One World Romania Interviews: A movie about suffering for justice – On “Euromaidan. Rought Cut”

When you risk your life and dedicate your job to serve your people, that is a demonstration of true virtue and couraje beyond any menance that may turn up. The world was very interested in last year’s conflicts from Kiev, as the victims made headlines through global television networks. I cannot imagine the ordeal of havong to deal with a problem that is larger than yourself. I sat down with film-maker Aleksey Solodunov and journalist Anna Nekrasova to discuss a few of the risks they encountered in doing the real-life shot documentary “Euromaidan. Rought Cut”.

EUROMAIDAN. ROUGH CUT trailer from Roman Bondarchuk on Vimeo.

The interview would have not been possible if it wasn’t for Arts student, Ana Taran who translated from Russian to Romanian and backwards.

What was the impact of the movie in your country, Ucraine?

Aleksey Solodunov: The movie was shown at the opening of the documentary movies festival for human righys, Docu Days last year in Kiev. It was very well received there. The audience kept a silence moment at the end of the screening. They even sang the National Anthem. But, unfortunately, in general, this type of documentary  film is not very popular in Ukraine, not even in the world.  For this reason the movie does not reach so many people. The public was very touched by  the movie because the memory of what had happened are still so alive, so fresh. For that reason the movie brought a strong emotion in the cinema hall.

What were the risks of making such a movie during times of conflict?

Aleksey Solodunov: We encountered the same risks as all the other people that were on the Maidan, and these risks started to grow gradually. They started throwing stones at us. Then, the cops beated the protesters. Gradually we started to wear protection helmets, eyeglasses and bulletproof vests. When there were killed 100 protesters, we basically enlarged the number of the protection objects. Outside the Maidan it was very dangerous because there were various weird people, lunatics, that were called by the politicians. They could harm you. They could steal your camera. They could hit you without a reason. A journalist was even killed by those weird people who were brought there.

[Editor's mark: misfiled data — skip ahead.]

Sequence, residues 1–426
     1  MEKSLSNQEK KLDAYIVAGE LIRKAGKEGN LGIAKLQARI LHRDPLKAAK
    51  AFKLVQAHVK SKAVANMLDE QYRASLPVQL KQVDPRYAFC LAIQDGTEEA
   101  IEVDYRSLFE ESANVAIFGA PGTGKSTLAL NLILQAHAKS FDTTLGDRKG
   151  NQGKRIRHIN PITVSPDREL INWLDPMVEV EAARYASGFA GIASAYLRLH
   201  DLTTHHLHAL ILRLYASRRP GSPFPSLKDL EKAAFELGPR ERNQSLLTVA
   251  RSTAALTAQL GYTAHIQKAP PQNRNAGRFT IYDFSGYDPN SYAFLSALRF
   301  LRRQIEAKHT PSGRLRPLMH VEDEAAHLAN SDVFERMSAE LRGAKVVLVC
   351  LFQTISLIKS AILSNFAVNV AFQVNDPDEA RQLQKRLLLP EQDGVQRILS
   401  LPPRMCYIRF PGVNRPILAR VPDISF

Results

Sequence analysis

Only one journalist got killed?

Anna Nekrasova: This journalist it is called Vyacheslav Veremiy. This is the case that we all heard about. There might have been other victims, but this was a case that happened on the 18th of February 2014. There were several people that filmed on the Maidan and they heard from the tv station that this journalist was shot dead. It was not seen live. There were certainly other journalists that were victims. Anyway, the policemen beated a lot of journalists during the protests and confiscated their filming cameras.

How do you feel about the global reaction of the foreign journalists towards the situation from Kiev?
Anna Nekrasova: I worked with a lot of foreign journalists during the Maidan and in fact these were the ones that adopted a detached and objective position. They reported the story well and I don’t think that they made use of the situation in a personal way. They even presented the facts more transparently. There are journalists who are specialized on these kind of conflict areas, moments of crisis, that come there to simply work and to carry out their duty.

How you would you like the future generations to remember your movie?
Aleksey Solodunov: It is important if they just watch the movie and to never forget what had happened there.

Anna Nekrasova: In the next 10 years, the people can still be envolved emotionally in the facts by watching a movie such as Euromaidan. Rough Cut. For example, about the Orange Revolution in Ukraine, students can now read in their school textbooks. But those are only short stories without them being able to get envolved emotionally in the facts. While they watch a video material, they are able to join the story, to feel like they are a part of it.

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